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Justice still far away in 18 Nithari cases

Last updated on: December 28, 2009 19:31 IST
Three years after the gory Nithari killings rocked the country causing widespread outrage over the cannibalistic and necrophiliac traits of convict Surinder Koli, 18 out of 19 cases continue to linger on.

While businessman Moninder Singh Pandher, at whose D-5 Noida residence the crimes were committed, and his servant Koli were sentenced to death by a Central Bureau of Investigation court in February this year for the rape and murder of 14-year-old girl Rimpa Halder, 16 more cases are under judicial process.

The Allahabad High Court had on September 11 this year acquitted Pandher while confirming death sentence of Koli.

The victims' families want the courts to take up the Nithari killing cases on a fast track mode.

"The next hearing could be in the case of another victim Aarti who was allegedly raped and murdered at Pandher's house. We hope the courts take the cases on a priority basis. The families want justice," Khalid Khan, a lawyer representing families of Nithari victims, said.

"Chargesheets have been filed in 16 cases, while one case is under investigation. In two other cases the closure reports have been filed," Special Public Prosecutor for CBI J P Sharma told PTI.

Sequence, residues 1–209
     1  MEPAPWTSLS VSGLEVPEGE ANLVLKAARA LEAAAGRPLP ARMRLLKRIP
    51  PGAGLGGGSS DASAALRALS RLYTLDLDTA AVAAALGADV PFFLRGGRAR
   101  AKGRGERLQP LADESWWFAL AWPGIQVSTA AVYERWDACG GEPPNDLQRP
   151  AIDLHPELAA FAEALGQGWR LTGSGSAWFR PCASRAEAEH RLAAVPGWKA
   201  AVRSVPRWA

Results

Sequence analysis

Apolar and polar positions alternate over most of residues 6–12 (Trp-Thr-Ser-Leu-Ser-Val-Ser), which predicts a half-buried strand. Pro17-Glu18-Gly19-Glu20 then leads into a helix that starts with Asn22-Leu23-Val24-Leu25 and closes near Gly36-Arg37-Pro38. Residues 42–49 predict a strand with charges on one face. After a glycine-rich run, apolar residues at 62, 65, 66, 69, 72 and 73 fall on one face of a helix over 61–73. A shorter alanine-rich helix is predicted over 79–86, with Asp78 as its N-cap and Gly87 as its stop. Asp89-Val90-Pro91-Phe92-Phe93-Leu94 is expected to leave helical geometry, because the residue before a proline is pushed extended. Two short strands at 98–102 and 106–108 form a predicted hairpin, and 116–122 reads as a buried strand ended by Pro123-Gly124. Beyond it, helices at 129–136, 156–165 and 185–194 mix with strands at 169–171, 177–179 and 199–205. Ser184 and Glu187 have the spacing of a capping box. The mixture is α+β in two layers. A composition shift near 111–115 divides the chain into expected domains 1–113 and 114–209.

The 2005 killings in Noida, which evoked uproar in December 2006, was transferred to CBI in January 2007 and the agency has so far submitted 16 chargesheets out of 19 first investigation reports.

Investigations into the serial murders began in December 2006 by police in Noida when the skeletal remains of a number of missing children and women were discovered from a drain near Pandher's house.

Besides rape and murder, police had also probed allegations of organ trade in the killings.

The CBI has said the chargesheets were finalised in 16 cases after thorough probe from all angles, including scientific tests like DNA fingerprinting, skull superimposition and other legally admissible evidence.

While in eight cases, the identity of the victims was fixed through DNA test, in five cases, the identity could be established through skull superimposition test, the CBI said.

CBI said Pandher, owner of the house, was away when the incidents took place. "This is borne out from the documents, statement of witnesses and mobile phone records," it said.

Rimpa's case was the first to be given a verdict and Koli was found to be suffering from necrophilia (having sex with corpses) and charged with cannibalism (eating human flesh).

Many activists have filed applications under the Right to Information Act seeking access to the documents pertinent to the case. Hearing one such appeal filed by Commodore (Retd) Lokesh Batra, the Central Information Commission has rapped the National Commission for Women for poor maintenance of related files.

Family members of Rimpa had recently sought restoration of death penalty for Pandher through a Special Leave Petition in the Supreme Court.

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